Less than 40% of homes in Bournemouth are eco friendly

The UK Government pledged last month to cut greenhouse gas emissions to ‘net zero’ by 2050 – but what does this mean for the UK’s homeowners and landlords?

Britain’s 27.2 million homes are currently responsible for more than a quarter of the country’s CO2 and other greenhouse gas emissions, and recent research suggests it would cost an average of £17,000 per property to retrofit the average UK home to be carbon neutral.

Here in Bournemouth, just under 40% of homes are currently ranked as eco-friendly, according to EPC ratings. This is 4.5% higher proportionally than the national average – but there is clearly significant work needed, and substantial investment, to bring the remaining homes up to standard.

Carbon neutral properties

The cost of making every property in the UK carbon-neutral is substantial. Researchers at Nottingham Trent University calculated that it would cost on average £17,000 per property to retrofit an average UK home with renewable energy and insulation (and that’s if done en masse and not piecemeal). That would cost the country £462.4bn (interesting when the NHS costs £154bn per year). 22.7m homes are privately owned so that would be the responsibility of the owners, but if we look at publicly owned council housing, that would cost the Government in excess of £76.5bn.

But whilst the investment is high for home-owners and councils, the benefits of making homes carbon neutral – in addition to saving the planet – are significant. Occupants will have much lower gas and electric bills, which total £31.824bn nationally per year. Warmer households also mean a much lower strain on the NHS, which currently spends about £848m a year treating conditions that arise from cold housing. In addition, local authorities would spend a lot less than the current £5.2bn a year for ongoing property maintenance as a result of the installation of extra insulation and renewable energy such as ground source heating, wind or solar panels.

To improve efficiency ratings, the Government last year banned landlords from renting property with an energy performance rating of F and G (the lowest ratings). However, homeowners don’t currently have the same incentive, and many will be unenthusiastic about the stress and cost of the building works needed to make properties eco-friendly. But the Government could offer incentives and grants, which along with the funds saved on their energy bills, to make the prospect more appealing?

Eco friendly housing in Bournemouth

So, what about eco credentials of the properties of Bournemouth homeowners and landlords?

Every home that has been built, rented or put on the market in Bournemouth since 2007 has had to have an Energy Performance Certificate (EPC), giving it a rating between A and G (rather like those stickers you see on fridges and washing machines).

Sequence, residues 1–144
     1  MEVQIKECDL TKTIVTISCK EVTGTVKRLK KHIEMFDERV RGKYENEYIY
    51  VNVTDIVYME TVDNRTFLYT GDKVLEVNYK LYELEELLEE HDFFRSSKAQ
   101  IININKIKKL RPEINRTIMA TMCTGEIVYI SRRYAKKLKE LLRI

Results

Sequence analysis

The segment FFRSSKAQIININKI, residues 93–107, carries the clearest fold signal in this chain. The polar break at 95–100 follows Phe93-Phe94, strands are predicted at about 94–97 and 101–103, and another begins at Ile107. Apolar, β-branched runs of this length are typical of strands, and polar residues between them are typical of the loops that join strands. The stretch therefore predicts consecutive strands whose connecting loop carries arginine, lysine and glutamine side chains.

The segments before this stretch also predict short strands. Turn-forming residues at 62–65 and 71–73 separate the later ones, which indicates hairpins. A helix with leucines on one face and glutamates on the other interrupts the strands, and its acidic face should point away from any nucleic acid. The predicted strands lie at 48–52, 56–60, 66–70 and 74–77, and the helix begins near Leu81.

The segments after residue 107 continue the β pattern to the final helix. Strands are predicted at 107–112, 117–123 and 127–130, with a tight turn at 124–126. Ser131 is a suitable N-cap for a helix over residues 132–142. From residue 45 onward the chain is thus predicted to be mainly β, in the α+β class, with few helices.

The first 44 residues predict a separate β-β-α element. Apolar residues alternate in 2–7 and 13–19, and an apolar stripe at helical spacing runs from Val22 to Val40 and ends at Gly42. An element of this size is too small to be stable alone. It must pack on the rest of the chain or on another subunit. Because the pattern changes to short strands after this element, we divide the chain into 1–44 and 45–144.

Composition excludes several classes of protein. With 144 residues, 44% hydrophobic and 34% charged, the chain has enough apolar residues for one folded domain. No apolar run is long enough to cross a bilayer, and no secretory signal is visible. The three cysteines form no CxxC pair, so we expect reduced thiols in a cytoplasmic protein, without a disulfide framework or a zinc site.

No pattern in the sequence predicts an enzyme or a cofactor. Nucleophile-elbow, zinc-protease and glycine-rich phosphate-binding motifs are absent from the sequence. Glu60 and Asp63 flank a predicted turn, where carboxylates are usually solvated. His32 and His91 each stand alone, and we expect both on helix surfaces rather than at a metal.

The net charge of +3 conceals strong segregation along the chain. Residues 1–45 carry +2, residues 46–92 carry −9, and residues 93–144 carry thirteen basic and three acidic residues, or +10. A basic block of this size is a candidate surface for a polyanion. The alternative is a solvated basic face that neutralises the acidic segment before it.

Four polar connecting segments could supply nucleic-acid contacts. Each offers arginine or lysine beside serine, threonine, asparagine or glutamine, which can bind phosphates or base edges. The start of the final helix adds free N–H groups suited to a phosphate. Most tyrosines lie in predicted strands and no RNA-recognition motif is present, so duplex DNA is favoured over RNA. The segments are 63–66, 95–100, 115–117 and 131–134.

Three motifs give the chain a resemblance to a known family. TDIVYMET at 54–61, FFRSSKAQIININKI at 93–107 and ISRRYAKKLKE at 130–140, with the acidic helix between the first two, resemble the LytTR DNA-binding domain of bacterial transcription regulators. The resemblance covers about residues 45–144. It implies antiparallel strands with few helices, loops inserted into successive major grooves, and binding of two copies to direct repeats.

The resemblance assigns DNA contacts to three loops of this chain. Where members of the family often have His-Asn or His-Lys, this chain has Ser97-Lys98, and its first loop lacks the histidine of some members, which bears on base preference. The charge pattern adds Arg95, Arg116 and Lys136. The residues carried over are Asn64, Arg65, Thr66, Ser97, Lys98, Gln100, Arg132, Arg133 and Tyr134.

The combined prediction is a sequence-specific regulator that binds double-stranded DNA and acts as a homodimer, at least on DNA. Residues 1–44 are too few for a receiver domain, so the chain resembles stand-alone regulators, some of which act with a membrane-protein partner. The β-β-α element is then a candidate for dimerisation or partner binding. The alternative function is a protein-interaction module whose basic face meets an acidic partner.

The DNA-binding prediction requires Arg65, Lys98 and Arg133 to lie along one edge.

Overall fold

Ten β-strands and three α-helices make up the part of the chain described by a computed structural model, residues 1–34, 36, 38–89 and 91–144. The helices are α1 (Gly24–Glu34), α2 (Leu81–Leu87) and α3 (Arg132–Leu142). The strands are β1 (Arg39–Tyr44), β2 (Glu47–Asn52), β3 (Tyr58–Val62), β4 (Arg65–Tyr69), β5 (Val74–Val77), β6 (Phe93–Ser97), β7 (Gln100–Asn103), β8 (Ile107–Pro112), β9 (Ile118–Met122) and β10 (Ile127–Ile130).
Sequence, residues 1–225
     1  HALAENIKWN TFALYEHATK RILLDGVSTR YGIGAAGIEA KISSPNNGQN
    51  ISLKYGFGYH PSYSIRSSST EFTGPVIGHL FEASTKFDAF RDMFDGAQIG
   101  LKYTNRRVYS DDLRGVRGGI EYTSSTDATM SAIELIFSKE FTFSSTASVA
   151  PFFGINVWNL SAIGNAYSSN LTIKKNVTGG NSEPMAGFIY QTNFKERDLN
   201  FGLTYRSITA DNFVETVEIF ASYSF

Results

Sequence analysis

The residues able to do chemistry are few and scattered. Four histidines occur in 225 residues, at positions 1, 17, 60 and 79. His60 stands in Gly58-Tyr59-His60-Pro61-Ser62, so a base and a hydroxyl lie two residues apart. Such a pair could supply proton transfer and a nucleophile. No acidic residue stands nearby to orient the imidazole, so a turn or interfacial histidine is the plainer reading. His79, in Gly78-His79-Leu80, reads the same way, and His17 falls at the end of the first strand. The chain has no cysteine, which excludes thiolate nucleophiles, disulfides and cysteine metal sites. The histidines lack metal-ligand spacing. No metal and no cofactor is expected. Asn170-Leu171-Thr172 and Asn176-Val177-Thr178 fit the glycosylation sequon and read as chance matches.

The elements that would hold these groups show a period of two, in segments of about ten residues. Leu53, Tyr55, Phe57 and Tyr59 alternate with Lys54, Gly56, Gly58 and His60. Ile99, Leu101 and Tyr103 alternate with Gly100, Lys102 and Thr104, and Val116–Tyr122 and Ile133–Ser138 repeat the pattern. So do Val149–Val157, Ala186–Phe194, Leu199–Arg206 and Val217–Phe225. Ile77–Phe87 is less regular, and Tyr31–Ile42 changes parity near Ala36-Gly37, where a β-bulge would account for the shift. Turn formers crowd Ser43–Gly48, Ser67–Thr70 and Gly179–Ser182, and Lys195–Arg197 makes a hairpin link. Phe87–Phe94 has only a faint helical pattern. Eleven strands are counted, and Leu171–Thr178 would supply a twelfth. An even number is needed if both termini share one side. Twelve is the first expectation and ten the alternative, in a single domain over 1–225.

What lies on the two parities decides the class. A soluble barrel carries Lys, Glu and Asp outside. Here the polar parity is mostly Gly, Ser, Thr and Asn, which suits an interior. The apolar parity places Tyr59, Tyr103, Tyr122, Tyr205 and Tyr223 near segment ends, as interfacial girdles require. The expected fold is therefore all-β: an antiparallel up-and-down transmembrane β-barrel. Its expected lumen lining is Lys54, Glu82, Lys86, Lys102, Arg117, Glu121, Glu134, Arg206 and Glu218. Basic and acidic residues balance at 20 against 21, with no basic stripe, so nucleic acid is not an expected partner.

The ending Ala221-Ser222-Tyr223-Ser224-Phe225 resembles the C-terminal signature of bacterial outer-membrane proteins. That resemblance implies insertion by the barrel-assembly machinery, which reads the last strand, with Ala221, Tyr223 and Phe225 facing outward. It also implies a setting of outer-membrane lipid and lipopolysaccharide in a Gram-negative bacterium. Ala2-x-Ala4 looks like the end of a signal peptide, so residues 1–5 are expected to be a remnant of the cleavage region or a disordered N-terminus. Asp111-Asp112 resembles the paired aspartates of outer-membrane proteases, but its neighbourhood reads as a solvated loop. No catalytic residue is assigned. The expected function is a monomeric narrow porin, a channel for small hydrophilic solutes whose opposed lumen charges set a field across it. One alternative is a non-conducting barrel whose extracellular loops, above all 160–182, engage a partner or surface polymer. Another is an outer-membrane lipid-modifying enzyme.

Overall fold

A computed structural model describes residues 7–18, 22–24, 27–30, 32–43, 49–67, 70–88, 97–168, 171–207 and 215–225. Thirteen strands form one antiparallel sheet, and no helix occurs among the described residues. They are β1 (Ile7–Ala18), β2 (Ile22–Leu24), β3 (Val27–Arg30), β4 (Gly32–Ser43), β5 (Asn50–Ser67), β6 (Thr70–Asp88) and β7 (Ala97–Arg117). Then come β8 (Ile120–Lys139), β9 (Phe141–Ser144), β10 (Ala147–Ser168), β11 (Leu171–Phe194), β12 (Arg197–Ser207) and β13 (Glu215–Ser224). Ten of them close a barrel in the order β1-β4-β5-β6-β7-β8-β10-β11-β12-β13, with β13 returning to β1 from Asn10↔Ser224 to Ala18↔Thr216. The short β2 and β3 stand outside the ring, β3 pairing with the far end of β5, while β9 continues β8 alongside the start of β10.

A is the highest rating (ie most efficient and greener) and G is the worst. Here in Bournemouth, the picture looks like this…

EPC ratings for Bournemouth properties

 

And compared to the rest of the UK, this is the result…

EPC ratings for Bournemouth properties compared to national properties

The charts show that 38.8% of Bournemouth homes are in that eco-friendly A-C energy performance banding ratings, which is proportionally 4.51% higher than the national average.

Incentives for eco friendly housing

So, what next? Well, the Government will endeavour to make the green revolution as painless as possible, with technology developments such as LED light bulbs saving greenhouse gases without people noticing. In the future, we might have hydrogen central heating instead of mains gas, all have solar panels for electricity, triple glazed windows and even ground sourced heating … Sounds out of reach? Well, who would have thought 10 years ago that some of the most wanted cars would be electric and hybrid, built by the likes of Tesla?

There is no doubt that the energy efficiency of a property will rise in the coming years as the cost of fuel and people’s opinion on going green changes. And you don’t need to spend £17,000 to find out what you can do to make your property greener. Look at your EPC and it will tell you what small changes you can make to improve your Bournemouth home’s energy efficiency rating and ultimately save yourself money.

If you want to find your EPC rating of your Bournemouth home, go to www.epcregister.com


For more advice about Bournemouth property, speak to the local experts at Foxes Sales & Lettings. Get in touch with us by emailing hello@foxes.co.uk or calling us on 01202 299600.

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